Brexit Broadcast: Financial market infrastructure

Video | September 2018 | 06:59

Video Details

Brexit Broadcast: Financial market infrastructure

Simon: Hello everyone, and welcome to our latest financial services video on Brexit. Today we are going to focus specifically on financial market infrastructure but before doing so, Jonathan we have seen a lot of draft SIs from HM Treasury this summer but what is the most important point to remember?

Jonathan: I think it is really important to remember that, in the paper the government brought out last week and there have been a couple of SIs, particularly on CCPs but we haven’t seen all of the other SIs but we have got an indication of the approach. It is all assuming no-deal. If there is a deal, then I think our assumption and you can see this in the draft agreement that has been 80% or more agreed that basically everything will be rolled over to the end of the transitional period. So the rest of the discussion in this video will be all about a no-deal scenario.

Simon: and now turning specifically to the draft SI itself. Hannah, let’s kick-off with the draft SI on central counterparties CCPs.

Hannah: I think the most important thing that the draft SI on CCPs does, is to create a temporary permission regime for European but non-UK CCPs. So as long as they notify the Bank of England before Brexit day, they will be able to continue to provide their services to UK market participants for three years after Brexit provided they also submit a full application to the Bank of England after Brexit day.

One of the conditions to being recognised as a CCP in the UK will be that the third country, or the other country in which you are located is deemed to be equivalent and that decision on equivalence under the UK regime will be made by HM Treasury.

Simon: And Jonathan, what about the settlement finality CPs of the CCP regime.

Jonathan: Well we have got two different issues here. So on CCPs, there’s the question of settlement finality where they have actually made some clear statements, very similar to what Hannah was saying, where there will be a temporary regime, effectively, for non-UK infrastructure that wishes to be recognised under the UK implementation of settlement finality. There will be temporary regime and then a permanent regime that follows. It is interesting to note that this temporary regime is a three year regime so it is actually longer than the proposed transitional period. So I think it is designed to give quite a generous period for transition and then you apply for your final application. This is all in line with the idea of creating certainty in the market.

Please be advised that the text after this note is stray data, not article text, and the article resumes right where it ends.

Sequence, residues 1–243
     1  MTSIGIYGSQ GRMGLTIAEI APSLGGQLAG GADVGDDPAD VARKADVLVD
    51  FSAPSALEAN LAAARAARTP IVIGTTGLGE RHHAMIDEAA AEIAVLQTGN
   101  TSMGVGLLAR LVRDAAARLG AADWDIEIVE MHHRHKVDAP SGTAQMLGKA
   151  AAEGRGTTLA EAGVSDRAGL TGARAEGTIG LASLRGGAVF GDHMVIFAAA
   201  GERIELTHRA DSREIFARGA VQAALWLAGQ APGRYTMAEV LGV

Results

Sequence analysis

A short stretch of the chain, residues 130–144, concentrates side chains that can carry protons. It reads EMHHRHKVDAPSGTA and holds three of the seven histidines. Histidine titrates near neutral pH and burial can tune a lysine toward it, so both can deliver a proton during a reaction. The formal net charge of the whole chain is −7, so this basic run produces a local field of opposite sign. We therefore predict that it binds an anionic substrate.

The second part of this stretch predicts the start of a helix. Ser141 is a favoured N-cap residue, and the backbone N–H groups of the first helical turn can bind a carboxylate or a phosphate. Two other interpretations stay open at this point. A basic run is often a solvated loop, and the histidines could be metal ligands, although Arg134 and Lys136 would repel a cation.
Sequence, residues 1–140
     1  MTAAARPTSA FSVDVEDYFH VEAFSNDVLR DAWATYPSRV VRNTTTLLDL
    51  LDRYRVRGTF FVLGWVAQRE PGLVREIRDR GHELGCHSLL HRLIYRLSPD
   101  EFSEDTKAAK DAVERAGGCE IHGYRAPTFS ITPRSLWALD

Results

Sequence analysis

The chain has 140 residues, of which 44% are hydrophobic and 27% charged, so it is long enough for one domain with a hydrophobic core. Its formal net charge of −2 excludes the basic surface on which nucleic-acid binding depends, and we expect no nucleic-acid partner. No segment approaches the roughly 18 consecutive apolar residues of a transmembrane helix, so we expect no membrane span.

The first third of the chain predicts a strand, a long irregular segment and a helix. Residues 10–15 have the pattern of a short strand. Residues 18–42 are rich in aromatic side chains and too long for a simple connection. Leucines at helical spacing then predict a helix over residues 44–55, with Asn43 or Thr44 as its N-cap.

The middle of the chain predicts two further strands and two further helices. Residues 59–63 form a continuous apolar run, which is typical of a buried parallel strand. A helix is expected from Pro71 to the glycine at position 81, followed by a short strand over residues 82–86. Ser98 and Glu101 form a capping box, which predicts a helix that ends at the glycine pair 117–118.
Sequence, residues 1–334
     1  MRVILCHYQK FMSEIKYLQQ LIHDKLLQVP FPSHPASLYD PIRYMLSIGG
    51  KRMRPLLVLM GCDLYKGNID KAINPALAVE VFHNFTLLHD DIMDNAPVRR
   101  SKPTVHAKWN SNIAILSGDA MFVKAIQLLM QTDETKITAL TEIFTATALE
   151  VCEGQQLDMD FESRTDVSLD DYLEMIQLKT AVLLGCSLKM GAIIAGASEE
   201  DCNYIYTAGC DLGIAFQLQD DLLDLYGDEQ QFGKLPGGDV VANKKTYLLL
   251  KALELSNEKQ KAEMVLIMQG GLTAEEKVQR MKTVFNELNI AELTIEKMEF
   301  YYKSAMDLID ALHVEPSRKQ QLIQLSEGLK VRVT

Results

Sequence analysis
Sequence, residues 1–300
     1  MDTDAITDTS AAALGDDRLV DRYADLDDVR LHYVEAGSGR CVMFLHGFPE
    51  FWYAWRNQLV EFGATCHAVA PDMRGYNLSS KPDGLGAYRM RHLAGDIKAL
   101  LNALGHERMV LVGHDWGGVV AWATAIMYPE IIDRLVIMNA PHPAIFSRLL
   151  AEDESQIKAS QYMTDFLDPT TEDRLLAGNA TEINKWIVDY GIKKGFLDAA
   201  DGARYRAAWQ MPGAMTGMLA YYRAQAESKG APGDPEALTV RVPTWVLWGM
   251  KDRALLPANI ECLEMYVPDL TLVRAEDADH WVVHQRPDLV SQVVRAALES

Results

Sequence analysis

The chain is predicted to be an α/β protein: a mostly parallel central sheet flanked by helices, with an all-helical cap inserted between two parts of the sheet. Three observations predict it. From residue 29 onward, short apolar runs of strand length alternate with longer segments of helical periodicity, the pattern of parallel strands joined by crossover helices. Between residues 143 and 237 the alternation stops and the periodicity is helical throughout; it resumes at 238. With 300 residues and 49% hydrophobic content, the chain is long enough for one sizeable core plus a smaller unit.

Let’s be frank about it, as they say in the Government Paper, that only deals with the inward problem, it does not deal, of course, with UK infrastructure looking outwards to the rest of Europe but that is not something that the UK can do unilaterally .

Simon: Other critical infrastructure is, of course, exchanges. There has been some discussion in the market about the temporary permission regime.

Hannah: Yes, I think it is really interesting, in relation to trading venues of all types actually. Although we have got the draft SI setting out the new temporary permissions regime which you would think should apply for MTF and OTF operators, at least where they are investment firms, because they are relying on passports at the moment. Given some of the things that the government has said subsequently to publishing that draft SI, it is not clear whether that is their intention in relation to trading venues. The alternative for trading venues, or at least for MTF and OTF operators, is obviously the overseas person exclusion but even that is not necessarily clear cut in this area because those types of trading venues are most likely doing the regulated activity of arranging transactions and although the overseas person exclusion does cover arranging, it is not quite as generous in relation to arranging as it is in relation to other regulated activities.